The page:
It's getting harder for credit-card companies to get accepted at the nation's colleges.
The number of agreements giving credit-card issuers the right to market their cards to students and graduates of U.S. universities fell 21 percent to 798 in 2011. Also falling from the previous year were the payments by credit-card issuers to higher-education institutions, alumni groups and foundations, as well as the number of new accounts opened through the relationships.
The U.S. Consumer Financial Protection Bureau, in a new report, said the number of new accounts opened through colleges, alumni groups and foundations dropped 7 percent to 43,010 in 2011.
One notable exception was the University of Illinois Alumni Association's credit-card agreement, struck in 2010, with the University of Illinois Employees Credit Union. Under that deal, 3,452 new accounts were opened in 2011, more than any other between a credit-card issuer and college group. The credit union paid $750,000 to the alumni group for the rights to the marketing deal.
Nationwide, payments by issuers to colleges dropped 15 percent year over year to $62 million. The top issuers were FIA Card Services, part of Bank of America; U.S. Bank; and Capital One.
The overall declines, which have occurred for two straight years, are attributed at least in part to the 2009 Credit Card Accountability Responsibility & Disclosure Act. The CARD act restricts such practices as doling out gifts to encourage students to apply for cards on campus. It also requires credit-card issuers to annually disclose the agreements.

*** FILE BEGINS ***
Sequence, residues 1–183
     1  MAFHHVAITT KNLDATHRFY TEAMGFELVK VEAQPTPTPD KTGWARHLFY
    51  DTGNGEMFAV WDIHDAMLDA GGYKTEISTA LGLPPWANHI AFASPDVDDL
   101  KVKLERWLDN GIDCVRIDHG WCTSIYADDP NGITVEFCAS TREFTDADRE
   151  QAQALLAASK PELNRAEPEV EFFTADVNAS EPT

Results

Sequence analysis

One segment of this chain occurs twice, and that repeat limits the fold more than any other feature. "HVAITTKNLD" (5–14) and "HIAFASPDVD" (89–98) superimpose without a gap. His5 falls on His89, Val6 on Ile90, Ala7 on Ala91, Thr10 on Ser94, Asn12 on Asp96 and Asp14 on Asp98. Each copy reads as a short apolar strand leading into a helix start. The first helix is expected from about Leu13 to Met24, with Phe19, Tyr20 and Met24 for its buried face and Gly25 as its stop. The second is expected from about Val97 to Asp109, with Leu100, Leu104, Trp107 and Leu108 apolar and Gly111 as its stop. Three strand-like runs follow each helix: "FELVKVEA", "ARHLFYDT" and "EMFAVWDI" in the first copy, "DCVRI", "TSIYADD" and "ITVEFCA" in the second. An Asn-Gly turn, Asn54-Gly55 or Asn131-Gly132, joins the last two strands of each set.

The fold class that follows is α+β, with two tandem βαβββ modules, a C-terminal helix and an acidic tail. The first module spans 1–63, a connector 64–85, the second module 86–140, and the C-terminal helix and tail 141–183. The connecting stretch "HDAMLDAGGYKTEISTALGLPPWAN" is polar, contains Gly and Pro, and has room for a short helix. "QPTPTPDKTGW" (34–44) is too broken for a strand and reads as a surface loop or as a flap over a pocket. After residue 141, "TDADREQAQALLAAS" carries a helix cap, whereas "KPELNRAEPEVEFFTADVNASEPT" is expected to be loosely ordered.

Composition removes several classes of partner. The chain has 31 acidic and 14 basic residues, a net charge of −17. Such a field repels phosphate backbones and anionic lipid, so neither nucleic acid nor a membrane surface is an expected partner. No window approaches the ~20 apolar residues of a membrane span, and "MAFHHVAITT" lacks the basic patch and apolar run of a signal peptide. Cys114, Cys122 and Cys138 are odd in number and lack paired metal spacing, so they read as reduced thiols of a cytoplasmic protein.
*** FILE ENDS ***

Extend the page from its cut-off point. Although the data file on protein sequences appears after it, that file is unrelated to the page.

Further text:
The most lucrative agreement went to the Penn State Alumni Association, which got $2.7 million from the Bank of America unit. Rounding out the top 10 were the Alumni Association of the University of Michigan; the University of Southern California; the University of Tennessee; the California Alumni Association; the University of Arizona Alumni Association; the General Alumni Association of the University of North Carolina at Chapel Hill; the University of Georgia Foundation; the Association of Former Students of Texas A&M University; and Yale University, which got $1.1 million.
Most Popular Stories
- Bently Creates Alabama Small Business Commission
- California King Fire Roars Out of Control
- Mercedes Rolls Out S550 Plug-in Hybrid
- Is Alibaba's IPO Price a Fairytale?
- Kardashian: Kanye Never Told Fan in Wheelchair to Stand Up
- SBA Kicks off Hispanic Heritage Month
- CalPERS Pulls Out of Hedge Funds
- Poverty Rate Drops for First Time Since 2006
- Two-thirds of Hispanics Doubt Media Accuracy
- U.S. Tobacco Growers Lose Last of Price Supports